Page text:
Ultra-Wideband Wireless Communications and Networks
UWB wireless communication is a revolutionary technology for transmitting large amounts of digital data over a wide spectrum of frequency bands with very low power for a short distance. This exciting new text covers the fundamental aspects of UWB wireless communications systems for short-range communications. It also focuses on more advanced information about networks and applications. Chapters include: Radio Propagation and Large Scale Variations, Pulse Propagation and Channel Modelling, MIMO (Multiple Input, Multiple Output) RF Subsystems and Ad Hoc Networks.
- Focuses on UWB wireless communications rather than UWB radar, which has been covered before.
- Provides long and short-term academic and technological value.
- Teaches readers the fundamentals, challenges and up-to-date technical processes in this field.
1 Introduction (Robert Caiming Qiu, Xuemin (Sherman) Shen, Mohsen Guizani and Tho Le-Ngoc).
1.2 Issues Unique to UWB.
1.3 Emerging Technologies.
2 Modulation and Signal Detection in UWB (Uzoma A. Onunkwo and Ye (Geoffrey) Li).
2.2 Single-Carrier–Based Modulation.
2.3 OFDM-Based Modulation.
2.4 Conclusion and Further Reading.
3 UWB Pulse Propagation and Detection (Robert Caiming Qiu).
3.2 UWB Pulse Propagation.
3.3 UWB Pulse Signal Detection.
4 Timing Synchronization for UWB Impulse Radios (Zhi Tian and Georgios B. Giannakis).
4.2 Signal Model.
4.3 Signal Detection and Symbol-Level Acquisition.
4.4 SAT and MAT: Templates with and without Timing.
4.5 Coarse Synchronization Using Symbol-Rate Samples.
4.6 Synchronization with Flexible Timing Resolution.
4.7 Timing Acquisition for Ad Hoc Multiple Access.
4.8 Demodulation and BER Sensitivity to Mistiming.
4.9 Concluding Summary.
5 Error Performance of Pulsed Ultrawideband Systems in Indoor Environments (Huaping Liu).
5.2 System Model.
5.3 Error Performance in Indoor Environments.
6 Mixed-Signal Ultrawideband Communications Receivers (Sebastian Hoyos and Brian M. Sadler).
6.2 Analog-to-Digital Conversion via Signal Expansion.
6.3 Mixed-Signal Communication Receivers Based on A/D Conversion via Signal Expansion.
6.4 Analog-to-Digital Conversion in the Frequency Domain.
6.5 Frequency-Domain Mixed-Signal Receivers.
7 Trends in Ultrawideband Transceiver Design (Zhengyuan Xu).
7.2 Status of UWB Transceiver Design.
7.3 Digital UWB Receivers.
7.4 Analog/Digital UWB Transceivers.
8 UWB MAC and Ad Hoc Networks ( Zihua Guo and Richard Yao).
8.2 QoS Scheduling in PNC.
8.3 Power Management in IEEE 802.15.3.
8.4 Adaptive Dly-ACK.
8.5 Ad Hoc Networks.
9 Radio Resource Management for Ultra-Wideband Communications (Xuemin (Sherman) Shen, Weihua Zhuang, Hai Jiang and Jun Cai).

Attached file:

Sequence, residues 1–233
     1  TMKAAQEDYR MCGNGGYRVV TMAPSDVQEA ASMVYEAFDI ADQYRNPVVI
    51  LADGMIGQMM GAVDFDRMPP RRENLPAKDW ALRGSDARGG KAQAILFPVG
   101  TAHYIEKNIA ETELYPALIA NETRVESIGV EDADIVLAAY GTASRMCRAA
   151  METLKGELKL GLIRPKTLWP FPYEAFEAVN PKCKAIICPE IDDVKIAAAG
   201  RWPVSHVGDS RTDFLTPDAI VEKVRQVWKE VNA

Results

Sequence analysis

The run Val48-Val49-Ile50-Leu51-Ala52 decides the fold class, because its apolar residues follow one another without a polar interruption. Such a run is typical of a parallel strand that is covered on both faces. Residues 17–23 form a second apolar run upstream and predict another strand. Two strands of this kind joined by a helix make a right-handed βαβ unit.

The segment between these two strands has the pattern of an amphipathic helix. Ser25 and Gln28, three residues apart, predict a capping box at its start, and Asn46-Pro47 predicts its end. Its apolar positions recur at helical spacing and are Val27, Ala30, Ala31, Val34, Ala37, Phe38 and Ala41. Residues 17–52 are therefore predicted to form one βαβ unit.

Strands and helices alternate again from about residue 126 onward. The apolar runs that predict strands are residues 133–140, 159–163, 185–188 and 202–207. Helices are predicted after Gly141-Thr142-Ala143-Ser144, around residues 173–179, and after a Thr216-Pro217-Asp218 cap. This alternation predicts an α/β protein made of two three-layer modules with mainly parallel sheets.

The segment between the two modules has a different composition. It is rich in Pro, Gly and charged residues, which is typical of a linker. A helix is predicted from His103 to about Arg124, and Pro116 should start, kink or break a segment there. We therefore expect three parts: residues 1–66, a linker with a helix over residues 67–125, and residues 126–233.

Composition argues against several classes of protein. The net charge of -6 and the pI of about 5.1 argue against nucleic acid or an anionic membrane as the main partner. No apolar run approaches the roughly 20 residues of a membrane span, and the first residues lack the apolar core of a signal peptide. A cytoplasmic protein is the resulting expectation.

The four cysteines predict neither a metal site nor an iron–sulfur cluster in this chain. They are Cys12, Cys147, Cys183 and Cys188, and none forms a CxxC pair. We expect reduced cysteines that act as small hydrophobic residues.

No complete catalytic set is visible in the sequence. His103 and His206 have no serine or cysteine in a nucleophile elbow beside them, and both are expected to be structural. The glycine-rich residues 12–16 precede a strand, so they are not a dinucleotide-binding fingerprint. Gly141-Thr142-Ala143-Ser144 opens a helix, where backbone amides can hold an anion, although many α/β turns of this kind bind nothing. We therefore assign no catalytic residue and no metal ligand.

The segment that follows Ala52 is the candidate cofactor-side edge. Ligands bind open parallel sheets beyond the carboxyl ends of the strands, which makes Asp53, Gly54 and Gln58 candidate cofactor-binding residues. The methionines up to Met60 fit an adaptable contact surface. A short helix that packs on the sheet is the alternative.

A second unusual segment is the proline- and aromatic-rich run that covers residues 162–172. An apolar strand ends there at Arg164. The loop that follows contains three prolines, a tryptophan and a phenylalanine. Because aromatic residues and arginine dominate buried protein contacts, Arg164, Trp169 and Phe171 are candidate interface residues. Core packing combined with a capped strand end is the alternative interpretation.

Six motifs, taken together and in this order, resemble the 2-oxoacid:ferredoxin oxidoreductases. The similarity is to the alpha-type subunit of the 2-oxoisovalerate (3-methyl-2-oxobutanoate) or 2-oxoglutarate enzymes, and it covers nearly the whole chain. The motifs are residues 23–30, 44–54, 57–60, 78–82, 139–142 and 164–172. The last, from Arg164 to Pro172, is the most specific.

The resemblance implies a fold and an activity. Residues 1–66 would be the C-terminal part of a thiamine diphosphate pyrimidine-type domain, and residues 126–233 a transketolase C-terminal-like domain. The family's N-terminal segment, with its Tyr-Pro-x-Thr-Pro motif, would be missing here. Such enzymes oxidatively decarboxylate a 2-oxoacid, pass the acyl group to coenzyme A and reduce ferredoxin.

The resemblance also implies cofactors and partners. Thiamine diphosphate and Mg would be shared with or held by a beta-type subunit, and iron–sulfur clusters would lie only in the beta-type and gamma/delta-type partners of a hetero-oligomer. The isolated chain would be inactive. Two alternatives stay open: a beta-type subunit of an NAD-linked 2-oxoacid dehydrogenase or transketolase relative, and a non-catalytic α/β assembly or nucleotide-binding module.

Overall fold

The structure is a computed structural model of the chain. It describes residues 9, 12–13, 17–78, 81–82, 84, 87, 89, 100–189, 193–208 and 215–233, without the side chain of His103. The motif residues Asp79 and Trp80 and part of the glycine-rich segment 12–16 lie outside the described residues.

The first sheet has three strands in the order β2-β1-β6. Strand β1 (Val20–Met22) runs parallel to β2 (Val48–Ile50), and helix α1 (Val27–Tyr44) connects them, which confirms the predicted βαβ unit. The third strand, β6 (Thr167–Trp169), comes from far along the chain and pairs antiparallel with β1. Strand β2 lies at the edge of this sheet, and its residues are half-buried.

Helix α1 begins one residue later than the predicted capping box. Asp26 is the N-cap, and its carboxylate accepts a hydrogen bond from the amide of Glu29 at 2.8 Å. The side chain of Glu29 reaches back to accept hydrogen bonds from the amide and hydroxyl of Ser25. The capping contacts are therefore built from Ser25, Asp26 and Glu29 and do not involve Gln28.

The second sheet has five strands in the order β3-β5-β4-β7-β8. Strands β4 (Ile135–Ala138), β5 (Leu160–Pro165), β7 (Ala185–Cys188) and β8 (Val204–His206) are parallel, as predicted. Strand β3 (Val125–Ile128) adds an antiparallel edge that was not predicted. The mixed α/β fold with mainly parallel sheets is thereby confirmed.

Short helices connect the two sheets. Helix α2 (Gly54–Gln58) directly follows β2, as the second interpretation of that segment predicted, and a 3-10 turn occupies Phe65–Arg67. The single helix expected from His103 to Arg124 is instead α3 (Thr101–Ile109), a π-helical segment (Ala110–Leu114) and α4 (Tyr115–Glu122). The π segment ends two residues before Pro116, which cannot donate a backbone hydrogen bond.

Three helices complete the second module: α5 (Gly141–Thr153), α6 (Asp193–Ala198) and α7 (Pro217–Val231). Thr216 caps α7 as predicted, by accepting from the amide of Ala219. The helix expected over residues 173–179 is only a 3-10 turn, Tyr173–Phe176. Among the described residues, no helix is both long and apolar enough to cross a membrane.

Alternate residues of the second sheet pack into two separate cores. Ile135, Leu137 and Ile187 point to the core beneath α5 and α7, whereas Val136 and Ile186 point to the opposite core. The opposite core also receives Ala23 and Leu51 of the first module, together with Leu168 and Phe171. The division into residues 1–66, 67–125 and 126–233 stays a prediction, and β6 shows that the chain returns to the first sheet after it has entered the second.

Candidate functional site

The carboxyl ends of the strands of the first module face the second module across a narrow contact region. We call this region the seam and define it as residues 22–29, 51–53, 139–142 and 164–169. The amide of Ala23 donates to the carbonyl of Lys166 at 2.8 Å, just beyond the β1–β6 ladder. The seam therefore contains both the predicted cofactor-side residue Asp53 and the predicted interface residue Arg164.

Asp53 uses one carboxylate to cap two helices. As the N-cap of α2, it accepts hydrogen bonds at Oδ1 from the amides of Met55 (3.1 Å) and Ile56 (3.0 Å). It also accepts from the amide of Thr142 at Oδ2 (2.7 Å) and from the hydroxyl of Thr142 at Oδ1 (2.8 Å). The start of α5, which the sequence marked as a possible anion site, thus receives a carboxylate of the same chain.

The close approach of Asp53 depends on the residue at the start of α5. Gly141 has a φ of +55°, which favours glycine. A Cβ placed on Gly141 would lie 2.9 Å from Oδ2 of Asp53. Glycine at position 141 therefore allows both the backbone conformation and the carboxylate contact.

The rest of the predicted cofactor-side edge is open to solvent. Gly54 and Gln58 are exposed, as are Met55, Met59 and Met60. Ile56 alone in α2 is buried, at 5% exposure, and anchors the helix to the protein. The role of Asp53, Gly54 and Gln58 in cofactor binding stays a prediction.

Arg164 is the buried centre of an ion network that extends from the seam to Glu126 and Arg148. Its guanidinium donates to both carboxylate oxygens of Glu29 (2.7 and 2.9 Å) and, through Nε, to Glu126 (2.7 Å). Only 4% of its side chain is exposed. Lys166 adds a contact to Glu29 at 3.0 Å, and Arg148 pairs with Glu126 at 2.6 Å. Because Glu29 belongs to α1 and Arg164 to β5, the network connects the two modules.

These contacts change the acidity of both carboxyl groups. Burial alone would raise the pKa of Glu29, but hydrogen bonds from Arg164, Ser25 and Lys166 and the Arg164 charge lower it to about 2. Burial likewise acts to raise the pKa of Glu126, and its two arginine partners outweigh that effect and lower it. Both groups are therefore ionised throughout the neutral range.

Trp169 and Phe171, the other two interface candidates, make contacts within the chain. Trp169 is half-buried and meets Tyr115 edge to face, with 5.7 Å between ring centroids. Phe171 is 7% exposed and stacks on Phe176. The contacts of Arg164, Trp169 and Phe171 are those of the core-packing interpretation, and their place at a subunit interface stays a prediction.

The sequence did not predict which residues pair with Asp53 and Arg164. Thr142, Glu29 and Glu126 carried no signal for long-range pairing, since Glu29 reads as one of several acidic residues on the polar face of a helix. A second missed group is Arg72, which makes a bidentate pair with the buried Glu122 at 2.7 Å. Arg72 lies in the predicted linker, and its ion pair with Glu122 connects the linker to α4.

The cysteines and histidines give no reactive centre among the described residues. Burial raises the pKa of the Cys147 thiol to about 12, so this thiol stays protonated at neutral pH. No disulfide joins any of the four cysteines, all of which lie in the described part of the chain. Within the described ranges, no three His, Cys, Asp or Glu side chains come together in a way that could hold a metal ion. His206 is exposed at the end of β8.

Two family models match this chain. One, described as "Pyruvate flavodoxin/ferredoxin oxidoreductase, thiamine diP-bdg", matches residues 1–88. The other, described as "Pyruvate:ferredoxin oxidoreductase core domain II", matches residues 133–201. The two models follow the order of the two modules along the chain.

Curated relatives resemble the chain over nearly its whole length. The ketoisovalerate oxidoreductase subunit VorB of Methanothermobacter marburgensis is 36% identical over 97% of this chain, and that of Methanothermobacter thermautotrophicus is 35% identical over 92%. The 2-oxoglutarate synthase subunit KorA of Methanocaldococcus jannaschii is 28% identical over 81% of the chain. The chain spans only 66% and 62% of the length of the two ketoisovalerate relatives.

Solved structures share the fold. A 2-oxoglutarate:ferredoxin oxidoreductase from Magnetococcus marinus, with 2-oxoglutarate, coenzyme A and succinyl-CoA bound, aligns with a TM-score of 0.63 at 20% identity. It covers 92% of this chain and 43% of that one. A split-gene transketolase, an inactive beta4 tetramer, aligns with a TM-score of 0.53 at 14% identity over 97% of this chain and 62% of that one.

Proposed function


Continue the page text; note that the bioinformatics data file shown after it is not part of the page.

9.2 Radio Resource Management.
9.3 Multiple Access.
9.4 Overhead Reduction.
9.5 Power/Rate Allocation.
10 Pulsed UWB Interference to Narrowband Receivers (Jay E. Padgett).
10.2 Pulsed UWB Signal Model.
10.3 Narrowband Receiver Model.
10.4 Equivalent Receiver Model and Response to a Pulse.
10.5 Response to a Pulse Sequence.
10.6 Simulating the Response to a Pulse Sequence.
10.7 General Properties of the IF Output.
10.8 Power Spectral Density.
10.9 Discrete PDF PSD Example: Equally Spaced, Equally Likely Time Offsets .
10.10 Continuous PDF PSD Examples.
10.11 Comparison of PSD and Simulation Results.
10.12 Statistical Properties of the Output Envelope.
11 Digital-Carrier Spreading Codes for Baseband UWB Multiaccess (Liuqing Yang and Georgios B. Giannakis).
11.2 Digital-Carrier Multiband User Codes.
11.3 Low Duty-Cycle Access in the Presence of NBI.
11.4 Improved Rate Access in the Presence of Multipath.
11.5 Multiuser Interference Mitigation.
12 Localization ( Kegen Yu, Harri Saarnisaari, Jean-Philippe Montillet, Alberto Rabbachin, Ian Oppermann and Giuseppe Thadeu Freitas de Abreu).
12.2 Time-of-Arrival Estimation.
12.3 Location and Tracking.
12.4 Location in Distributed Architectures.
12.5 Theoretical Positioning Accuracy.
Dr. Mohsen Guizani is Professor and Chair of the Department of Computer Science at Western Michigan university. Dr. Guizani's research interests include Computer Networks, Wireless Communications and Computing, Design and Analysis of Computer Systems, and Optical Networking. He is the founder and Editor-In-Chief of Wireless Communications and Mobile Computing Journal, published by John Wiley.
Professor Robert Caiming works in the Center for Manufacturing Research/Electrical and Computer Engineering Department at Tennessee Technological University, USA. His research interests include Wireless communications and systems (3G, 4G, UWB), Radar/communications signal processing and Time-domain Electromagnetics.
Professor Tho Le-Ngoc works in the Department of Electrical and Computer Engineering at McGill University. His research interests include Broadband Communications: Advanced Transmission, Multiple-Access and Dynamic Capacity Allocation Techniques.